NSA Watchdog Fired After Retaliating Against Whistleblower

© AP PhotoA sign stands outside the National Security Agency (NSA) campus in Fort Meade
A sign stands outside the National Security Agency (NSA) campus in Fort Meade - Sputnik International
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A top National Security Administration watchdog, who notoriously declared that whistleblower Edward Snowden should have gone directly to him with his concerns, has been fired for retaliating against another whistleblower.

Former NSA inspector general George Ellard was found by a high-level Intelligence Community panel to have retaliated in May against a whistleblower.

“The closely held but unclassified finding against Ellard is not public. It was reached by following new whistleblower protections set forth by President Obama in an executive order, Presidential Policy Directive 19. (A President Trump could, in theory, eliminate the order.) Following PPD-19 procedures, a first-ever External Review Panel (ERP) composed of three of the most experienced watchdogs in the US government was convened to examine the issue,” the Project on Government Oversight (POGO) reported. “The trio — IG’s of the Justice Department, Treasury, and CIA – overturned an earlier finding of the Department of Defense IG, which investigated Ellard but was unable to substantiate his alleged retaliation.”

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The findings against Ellard gave NSA Admiral Director Michael Rogers 90 days to take action by remedying the situation with Ellard’s victim, as well as imposing disciplinary actions against the former NSA inspector.

“The finding against Ellard is extraordinary and unprecedented,” Stephen Aftergood, director of the secrecy program at the Federation of American Scientists, told POGO. “This is the first real test drive for a new process of protecting intelligence whistleblowers. Until now, they’ve been at the mercy of their own agencies, and dependent on the whims of their superiors. This process is supposed to provide them security and a procedural foothold.”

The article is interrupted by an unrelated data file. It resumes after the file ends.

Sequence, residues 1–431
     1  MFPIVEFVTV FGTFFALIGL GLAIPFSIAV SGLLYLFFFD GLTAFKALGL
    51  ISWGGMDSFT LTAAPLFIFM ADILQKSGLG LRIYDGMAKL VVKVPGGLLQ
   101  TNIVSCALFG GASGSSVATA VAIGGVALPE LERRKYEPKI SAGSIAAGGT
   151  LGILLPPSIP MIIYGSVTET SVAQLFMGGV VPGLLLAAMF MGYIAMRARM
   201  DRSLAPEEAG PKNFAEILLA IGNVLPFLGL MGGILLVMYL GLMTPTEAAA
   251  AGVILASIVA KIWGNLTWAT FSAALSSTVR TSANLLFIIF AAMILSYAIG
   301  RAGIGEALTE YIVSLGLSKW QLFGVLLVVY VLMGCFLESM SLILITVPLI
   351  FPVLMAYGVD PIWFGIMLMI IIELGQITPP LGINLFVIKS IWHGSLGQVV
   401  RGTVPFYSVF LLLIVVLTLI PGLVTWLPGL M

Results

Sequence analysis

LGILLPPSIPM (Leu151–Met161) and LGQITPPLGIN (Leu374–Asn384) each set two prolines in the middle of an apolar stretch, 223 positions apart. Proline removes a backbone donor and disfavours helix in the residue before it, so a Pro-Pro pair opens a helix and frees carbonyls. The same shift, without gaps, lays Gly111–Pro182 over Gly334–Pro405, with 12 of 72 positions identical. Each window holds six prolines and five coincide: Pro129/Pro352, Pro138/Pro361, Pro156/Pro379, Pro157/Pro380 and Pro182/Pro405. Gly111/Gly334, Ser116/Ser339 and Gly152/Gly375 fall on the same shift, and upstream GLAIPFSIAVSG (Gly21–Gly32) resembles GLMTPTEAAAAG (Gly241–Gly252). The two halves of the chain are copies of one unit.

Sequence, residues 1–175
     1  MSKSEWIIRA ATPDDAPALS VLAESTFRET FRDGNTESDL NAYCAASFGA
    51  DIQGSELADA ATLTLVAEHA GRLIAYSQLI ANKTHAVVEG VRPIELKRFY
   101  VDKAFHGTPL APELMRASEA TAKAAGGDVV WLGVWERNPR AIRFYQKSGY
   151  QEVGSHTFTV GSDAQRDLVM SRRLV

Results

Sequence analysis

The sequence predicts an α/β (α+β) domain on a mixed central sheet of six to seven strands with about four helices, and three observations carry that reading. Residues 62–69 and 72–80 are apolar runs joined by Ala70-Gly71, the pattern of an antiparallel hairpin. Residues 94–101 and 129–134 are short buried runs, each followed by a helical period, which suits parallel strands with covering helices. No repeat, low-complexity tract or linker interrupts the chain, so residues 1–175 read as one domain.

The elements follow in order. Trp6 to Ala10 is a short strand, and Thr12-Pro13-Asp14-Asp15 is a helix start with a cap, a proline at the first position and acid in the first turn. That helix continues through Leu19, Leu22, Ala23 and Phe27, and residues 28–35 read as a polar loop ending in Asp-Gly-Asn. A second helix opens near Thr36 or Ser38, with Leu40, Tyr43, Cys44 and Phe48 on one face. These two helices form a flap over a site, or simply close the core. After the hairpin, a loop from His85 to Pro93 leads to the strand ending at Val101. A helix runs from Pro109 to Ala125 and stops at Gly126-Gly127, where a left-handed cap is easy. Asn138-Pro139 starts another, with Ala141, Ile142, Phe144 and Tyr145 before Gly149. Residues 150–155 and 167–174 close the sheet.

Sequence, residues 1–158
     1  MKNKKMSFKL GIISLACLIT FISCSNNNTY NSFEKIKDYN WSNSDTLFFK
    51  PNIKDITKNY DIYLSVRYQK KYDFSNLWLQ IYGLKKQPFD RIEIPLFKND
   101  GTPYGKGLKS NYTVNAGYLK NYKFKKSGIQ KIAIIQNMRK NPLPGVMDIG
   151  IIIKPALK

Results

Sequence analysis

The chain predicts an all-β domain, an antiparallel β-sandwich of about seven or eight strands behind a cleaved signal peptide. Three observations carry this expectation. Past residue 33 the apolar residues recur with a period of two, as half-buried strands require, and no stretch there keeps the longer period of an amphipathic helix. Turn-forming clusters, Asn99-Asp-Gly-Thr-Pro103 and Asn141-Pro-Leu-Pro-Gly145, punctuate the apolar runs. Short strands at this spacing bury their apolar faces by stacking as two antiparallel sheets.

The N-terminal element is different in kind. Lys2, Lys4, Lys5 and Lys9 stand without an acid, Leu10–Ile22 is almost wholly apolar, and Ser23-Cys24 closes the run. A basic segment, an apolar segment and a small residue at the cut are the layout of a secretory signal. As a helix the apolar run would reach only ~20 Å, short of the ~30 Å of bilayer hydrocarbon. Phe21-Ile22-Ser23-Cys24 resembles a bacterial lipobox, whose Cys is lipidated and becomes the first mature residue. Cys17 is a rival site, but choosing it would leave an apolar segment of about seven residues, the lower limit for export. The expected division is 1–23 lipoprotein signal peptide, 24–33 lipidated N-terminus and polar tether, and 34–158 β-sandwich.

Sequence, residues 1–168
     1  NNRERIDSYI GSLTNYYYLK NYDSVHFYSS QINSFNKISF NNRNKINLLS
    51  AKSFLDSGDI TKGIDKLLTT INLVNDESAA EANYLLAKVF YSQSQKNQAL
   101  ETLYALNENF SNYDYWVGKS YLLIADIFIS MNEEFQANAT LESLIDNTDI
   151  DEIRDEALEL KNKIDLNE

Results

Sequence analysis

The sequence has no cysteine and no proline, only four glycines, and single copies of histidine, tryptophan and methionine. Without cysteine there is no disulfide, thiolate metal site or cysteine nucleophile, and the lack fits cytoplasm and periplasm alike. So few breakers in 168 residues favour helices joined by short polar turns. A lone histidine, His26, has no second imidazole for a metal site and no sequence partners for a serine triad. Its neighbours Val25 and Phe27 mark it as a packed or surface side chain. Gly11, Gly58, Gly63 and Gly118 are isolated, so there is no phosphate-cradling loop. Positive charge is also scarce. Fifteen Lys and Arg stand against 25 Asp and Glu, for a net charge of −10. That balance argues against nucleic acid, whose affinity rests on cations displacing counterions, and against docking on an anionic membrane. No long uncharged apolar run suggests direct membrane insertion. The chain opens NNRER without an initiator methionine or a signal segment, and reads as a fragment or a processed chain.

“The case, which is still in progress, offers hopeful signs that the new framework may be working,” Aftergood added.

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The findings validate Snowden’s claims that he feared retaliation if he went through official channels to report his concerns about NSA overreach, although it was confirmed that he had expressed his worries about domestic spying programs to his supervisors in a series of emails.

In a 2014 panel discussion at Georgetown University, Ellard declared that “Snowden could have come to me.”

“We have surprising success in resolving the complaints that are brought to us,” Ellard said during the panel, adding, “Perhaps it’s the case that we could have shown, we could have explained to Mr. Snowden his misperceptions, his lack of understanding of what we do.”

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